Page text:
Among the provision of nutrient it is important that a good supply of Iron, Calcium, Vitamin A and Protein should be there in the complementary feeding. Fish, sprats, meat, poultry, liver which are very source of iron should be included in the complementary feeding. However the vegetarian families can include iron rich foods gotukola, sarana, tambala, soya, green gram, cowpea in their diet. But to increase the bioavailability of the iron in these foods the source of vitamin C added to the same meal. In pulses it can be done by soaking, germinating, and fermenting. Vitamin A rich foods like liver, egg yolk, yellow pumpkin, yellow sweet potato, carrot, papaw, mangoes can be include in daily or given as often as possible. Likewise if all the food groups are included in the recommended level you can ensure that all the nutrients will be provided.

Other than this fortified complementary food can be used for example Triposa. On medical advice if needed vitamin and mineral supplements can be given. Make sure to maintain the nutrition of the infants during the illness. Do not reduce the frequency or amount because it can result in growth faltering. If the growth faltering is noted extra meal has to be included at least for two weeks until their weight return to original growth potential. It is better if the energy dense small meals can be given frequently to them, as it helps them to get well. Margarine, ghee, and oil can be added to make foods more energy dense.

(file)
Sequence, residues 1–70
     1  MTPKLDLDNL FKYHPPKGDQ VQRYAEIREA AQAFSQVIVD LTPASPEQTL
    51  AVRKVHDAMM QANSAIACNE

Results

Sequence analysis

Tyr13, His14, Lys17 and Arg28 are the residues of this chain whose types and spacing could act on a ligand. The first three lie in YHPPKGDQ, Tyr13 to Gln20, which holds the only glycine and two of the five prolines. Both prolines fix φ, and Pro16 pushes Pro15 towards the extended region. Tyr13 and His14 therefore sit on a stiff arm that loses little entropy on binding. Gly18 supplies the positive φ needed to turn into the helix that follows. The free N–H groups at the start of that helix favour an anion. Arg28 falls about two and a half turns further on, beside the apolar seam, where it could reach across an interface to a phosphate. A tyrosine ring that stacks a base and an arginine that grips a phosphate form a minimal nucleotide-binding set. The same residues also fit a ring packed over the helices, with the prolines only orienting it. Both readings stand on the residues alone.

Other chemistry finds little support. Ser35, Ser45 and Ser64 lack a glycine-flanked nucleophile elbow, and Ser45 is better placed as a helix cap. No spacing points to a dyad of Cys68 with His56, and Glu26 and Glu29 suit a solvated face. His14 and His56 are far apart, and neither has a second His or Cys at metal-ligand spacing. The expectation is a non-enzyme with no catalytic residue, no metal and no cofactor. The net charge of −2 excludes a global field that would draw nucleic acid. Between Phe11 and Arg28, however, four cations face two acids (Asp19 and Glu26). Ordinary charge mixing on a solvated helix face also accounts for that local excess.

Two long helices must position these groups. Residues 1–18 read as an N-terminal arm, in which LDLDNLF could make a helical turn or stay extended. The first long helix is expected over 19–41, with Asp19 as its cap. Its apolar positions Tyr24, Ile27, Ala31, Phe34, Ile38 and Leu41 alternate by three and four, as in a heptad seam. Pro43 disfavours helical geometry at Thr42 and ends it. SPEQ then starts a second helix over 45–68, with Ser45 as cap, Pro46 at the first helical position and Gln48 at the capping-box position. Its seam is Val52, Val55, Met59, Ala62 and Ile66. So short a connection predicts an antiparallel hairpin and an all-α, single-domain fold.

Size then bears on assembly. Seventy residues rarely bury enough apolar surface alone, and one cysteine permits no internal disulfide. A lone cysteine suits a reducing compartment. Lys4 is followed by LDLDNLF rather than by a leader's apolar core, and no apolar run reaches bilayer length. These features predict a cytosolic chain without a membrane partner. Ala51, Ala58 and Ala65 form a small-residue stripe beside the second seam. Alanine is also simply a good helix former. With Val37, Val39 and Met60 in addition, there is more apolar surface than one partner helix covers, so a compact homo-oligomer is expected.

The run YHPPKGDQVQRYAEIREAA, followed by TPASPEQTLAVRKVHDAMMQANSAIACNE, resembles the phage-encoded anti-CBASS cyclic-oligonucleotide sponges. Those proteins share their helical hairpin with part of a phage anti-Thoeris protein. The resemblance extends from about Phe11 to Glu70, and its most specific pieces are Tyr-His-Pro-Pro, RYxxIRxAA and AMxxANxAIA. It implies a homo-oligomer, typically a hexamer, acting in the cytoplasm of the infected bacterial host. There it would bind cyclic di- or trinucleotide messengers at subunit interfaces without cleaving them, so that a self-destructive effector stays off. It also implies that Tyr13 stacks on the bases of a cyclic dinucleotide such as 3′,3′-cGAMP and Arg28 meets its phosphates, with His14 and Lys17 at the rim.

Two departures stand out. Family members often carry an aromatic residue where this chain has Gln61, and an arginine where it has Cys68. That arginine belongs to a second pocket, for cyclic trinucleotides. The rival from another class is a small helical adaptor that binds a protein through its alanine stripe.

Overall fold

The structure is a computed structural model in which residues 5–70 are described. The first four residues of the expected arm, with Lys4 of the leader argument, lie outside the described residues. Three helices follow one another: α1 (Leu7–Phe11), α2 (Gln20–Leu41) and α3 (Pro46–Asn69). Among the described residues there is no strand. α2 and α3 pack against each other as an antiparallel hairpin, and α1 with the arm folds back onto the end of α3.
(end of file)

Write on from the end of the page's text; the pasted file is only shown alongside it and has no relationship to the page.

Monitoring the growth of the infants and young children is also a part of the   complementary feeding. The growth monitoring is done in the clinics held in MOH Office. So it is your duty to take your children to get the proper nutritional advice and maintain the status. If the proper care is not taken and the feeding is done per recommendation it can result in many disease conditions later in his life. For example obesity, type one diabetes, allergic disorders, respiratory infections, chronic gastrointestinal tract disorders. As mothers you should be careful as this can even lead to sudden infant death syndrome.

So as wise mothers always remember feeding your child is not like feeding yourself. It will mater more!